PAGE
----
Macavity: The Mystery Cat, Class 8 English Honeydew Book Poem 3 Explanation, Summary, Difficult words

Macavity: The Mystery Cat Class 8 English Honeydew Book Poem 3 – Detailed explanation of the poem along with meanings of difficult words and literary devices used in the poem. Given here is the complete explanation of the Poems, along with summary. All the exercises and Question and Answers given at the back of the lesson


 

Class 8 English (Honeydew Book) Poem 3 – Macavity: The Mystery Cat

By T.S. Eliot

 

poem 3 macavity the mystery cat

 

Macavity: The Mystery Cat- Introduction

Macavity: The Mystery Cat by T.S. Eliot is a piece of creation inspired by the infamous criminal mastermind, Professor Moriarty from Sherlock Holmes. The poet has represented the criminal in the form of a ginger-coloured cat, who is very tall and thin. In his poem, the poet has represented Macavity as the “master criminal”, “a monster of depravity”, “ the bafflement of Scotland Yard” and “the Flying Squad’s despair”.

 

Macavity: The Mystery Cat- Summary

Macavity is the name of a ginger-colored mystery cat who is also known as the ‘Hidden Paw’.  He is called the ‘Hidden Paw’ because he does all his work in complete secrecy. He has also been called the ‘master criminal’ who openly refuses to obey the law. He is the reason behind the failure, confusion and frustration of Scotland Yard and the Flying Squad because by the time they reach the place where a crime has been committed, Macavity has already left. He is very tall and lean. The poet says it is easy to identify him at the first glance as he has sunken eyes. He is always thinking. He has the domed forehead of a thinker. He does not take much care of himself which is visible from his clothes. There is no one like Macavity because he is exceptional and his skills are unmatched for. He has defied all man-made laws and even some laws of nature. He has broken the law of gravity with his jumps. Because of such powers, when the police reach the crime scene, they are unable to find Macavity. He is a devil in the form of a cat. The poet even calls him a “monster” of moral corruption. One must pass by him at the by-street or in the square generally but whenever a crime is discovered, Macavity is nowhere to be found on the crime scene.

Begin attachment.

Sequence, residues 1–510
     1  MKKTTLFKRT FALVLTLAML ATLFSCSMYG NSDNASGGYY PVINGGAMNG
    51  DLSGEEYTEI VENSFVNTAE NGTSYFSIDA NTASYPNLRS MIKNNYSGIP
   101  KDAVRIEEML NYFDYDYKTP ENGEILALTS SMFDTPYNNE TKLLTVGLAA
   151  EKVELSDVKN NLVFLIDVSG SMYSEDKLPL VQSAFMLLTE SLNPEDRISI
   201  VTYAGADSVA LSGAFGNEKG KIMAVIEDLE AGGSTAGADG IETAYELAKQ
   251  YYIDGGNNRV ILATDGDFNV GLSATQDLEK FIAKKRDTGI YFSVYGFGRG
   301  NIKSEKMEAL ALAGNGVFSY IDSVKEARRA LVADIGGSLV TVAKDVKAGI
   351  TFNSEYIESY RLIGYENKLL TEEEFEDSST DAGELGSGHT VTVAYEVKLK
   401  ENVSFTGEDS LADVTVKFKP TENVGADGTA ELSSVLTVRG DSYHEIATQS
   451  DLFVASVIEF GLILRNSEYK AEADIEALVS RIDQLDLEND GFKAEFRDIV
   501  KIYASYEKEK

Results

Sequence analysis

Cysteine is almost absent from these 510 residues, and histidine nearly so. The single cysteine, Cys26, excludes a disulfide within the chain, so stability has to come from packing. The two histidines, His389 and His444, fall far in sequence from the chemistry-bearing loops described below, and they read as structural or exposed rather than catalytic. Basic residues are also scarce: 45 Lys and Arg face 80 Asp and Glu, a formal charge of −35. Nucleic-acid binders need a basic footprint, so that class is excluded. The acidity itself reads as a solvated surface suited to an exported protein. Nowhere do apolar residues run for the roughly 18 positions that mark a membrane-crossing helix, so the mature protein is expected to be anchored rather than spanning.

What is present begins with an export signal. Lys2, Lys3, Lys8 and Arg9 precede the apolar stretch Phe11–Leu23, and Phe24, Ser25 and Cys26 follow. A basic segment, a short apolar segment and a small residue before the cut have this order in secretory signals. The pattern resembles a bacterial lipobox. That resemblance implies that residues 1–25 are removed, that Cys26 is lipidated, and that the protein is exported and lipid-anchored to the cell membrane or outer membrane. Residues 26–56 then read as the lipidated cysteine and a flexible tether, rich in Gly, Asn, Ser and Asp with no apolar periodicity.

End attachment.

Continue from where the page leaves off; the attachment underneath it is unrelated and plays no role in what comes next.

Macavity: The Mystery Cat- Poem and Explanation

Macavity’s a Mystery Cat: he’s called the Hidden Paw — 

For he’s the master criminal who can defy the Law. 

He’s the bafflement of Scotland Yard, the Flying Squad’s despair: 

For when they reach the scene of crime — Macavity’s not there!

Defy- disobey or resist openly

Bafflement- to confuse; to frustrate

Scotland Yard- the headquarters of the London police force

Flying Squad- a group of police or soldiers ready to move into action quickly

Macavity is the name of a mystery cat who is also known as the ‘Hidden Paw’. He is called the ‘Hidden Paw’ because he does all his work in complete secrecy and doesn’t leave any proof behind. He has also been called the ‘master criminal’ who openly refuses to obey the law. He is the reason behind the failure, confusion and frustration of Scotland Yard and the Flying Squad because by the time they reach the place where a crime has been committed, Macavity has already left. 

 

Macavity, Macavity, there’s no one like Macavity, 

He’s broken every human law, he breaks the law of gravity. 

His powers of levitation would make a fakir stare, 

And when you reach the scene of crime — Macavity’s not there! 

You may seek him in the basement, you may look up in the air — 

But I tell you once and once again, Macavity’s not there! 

Levitation- floating in the air without support 

Fakir- a member of an Islamic religious group, or a Hindu holy man

The poet mentions that there is no one like Macavity because he is exceptional and his skills are unmatched. He has defied all man-made laws and even some laws of nature. He has broken the law of gravity with his jumps. His jumping skills would even shock a fakir (known for their powers) and would make the fakir stare in astonishment, because of such powers, when the police reach the crime scene, they are unable to find Macavity. They may look for him in the basement or even in the air, but they cannot catch a single sight of Macavity.

 

Macavity’s a ginger cat, he’s very tall and thin; 

You would know him if you saw him, for his eyes are sunken in. 

His brow is deeply lined with thought, his head is highly domed;

His coat is dusty from neglect, his whiskers are uncombed. 

He sways his head from side to side, with movements like a snake; 

And when you think he’s half asleep, he’s always wide awake. 

Ginger cat- cats with ginger-like (or orangeish) colour

Domed- round shaped

Neglect- fail to care for properly

Whiskers- long, stiff hairs growing on the face of a cat

Sways- move or cause to move slowly